Opinion is divided over the widespread use and popularity of the MRB Z1013 in the GDR. With a total of 25,000 kits sold over its lifetime (from 1985 to mid-1990), it fared well in comparison to other models. However, some analysts put this success down to the relative ease of access to the kits compared to other computer offerings.

After all, the key point for the success was the simplistic makeup down to a bare minimum. It is still debatable if it repelled potential users or actually lead to a higher productions volume. Either which way, demand and production kept a kind of balance. To this extent, it was the only computer freely available for private purchase.


Despite the Cold War and the associated high-technology embargo CoCom the government pushed for an ambitious program to keep up with international development of engineering and microelectronics. That generated a huge interest among individuals who tried to develop electronics at work or at home aside from the government's economic programs. In 1984 the first two lines of home computers the Z9001 and HC900 were presented to the public. Due to small scale of production those devices were difficult to obtain. They were very expensive, but still could not satisfy the demand.

With a production yield of a few percent, a significant amount of circuits failed to pass the acceptance criteria. The components were called "Anfalltyp" or "rejects". Most of them were functional, but exceed allowed tolerances. Within limits, e.g. speed or access time, they may work fine. Therefore, the manufacturing companies pushed for a development of simple fault-tolerant learning or hobby computers which can make use of the rejects. The use of waste production could lower the reported reject rates and partly close gap in demand for home computers.[1]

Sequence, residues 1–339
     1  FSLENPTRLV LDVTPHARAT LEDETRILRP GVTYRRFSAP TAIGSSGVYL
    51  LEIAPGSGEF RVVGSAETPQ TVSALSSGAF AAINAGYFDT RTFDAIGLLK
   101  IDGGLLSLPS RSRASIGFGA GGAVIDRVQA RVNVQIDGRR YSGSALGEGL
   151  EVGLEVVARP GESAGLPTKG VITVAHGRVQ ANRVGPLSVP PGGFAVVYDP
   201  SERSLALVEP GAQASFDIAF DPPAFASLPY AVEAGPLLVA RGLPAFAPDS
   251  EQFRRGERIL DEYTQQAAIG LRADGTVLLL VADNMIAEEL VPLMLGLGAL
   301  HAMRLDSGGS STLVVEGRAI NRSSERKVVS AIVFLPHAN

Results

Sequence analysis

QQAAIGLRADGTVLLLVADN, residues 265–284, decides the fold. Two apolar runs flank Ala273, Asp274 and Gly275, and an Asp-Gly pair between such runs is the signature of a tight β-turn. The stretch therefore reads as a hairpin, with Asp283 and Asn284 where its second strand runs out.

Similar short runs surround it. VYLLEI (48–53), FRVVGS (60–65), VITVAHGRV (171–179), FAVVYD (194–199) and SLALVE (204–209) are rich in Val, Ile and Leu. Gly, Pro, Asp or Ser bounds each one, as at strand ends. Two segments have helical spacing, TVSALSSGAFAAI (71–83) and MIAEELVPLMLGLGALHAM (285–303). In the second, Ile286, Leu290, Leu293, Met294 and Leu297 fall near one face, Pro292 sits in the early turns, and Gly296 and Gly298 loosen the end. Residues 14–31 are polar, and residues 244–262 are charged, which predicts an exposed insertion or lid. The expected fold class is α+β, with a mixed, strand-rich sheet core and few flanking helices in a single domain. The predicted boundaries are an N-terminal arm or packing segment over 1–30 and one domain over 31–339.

Following the same concept to sell rejects as a fraction of the original price, the computer design should only consist of the cheapest and easiest available circuits. As a result, three single board computers were brought to industrial production: the LC80 with calculator display and keyboard, the Polycomputer 880 with 8-digit seven-segment display and the more comfortable Z1013 with TV output.[2][3]

The initiators of the Z1013 concept favored a caseless single-board computer with membrane keyboard. Through simple appearance and design the price had been kept under 1000 M for the targeted group of electronics amateurs. The development and production transferred to the well-established industry PCB manufacturer VEB Robotron Riesa in early 1984.[2]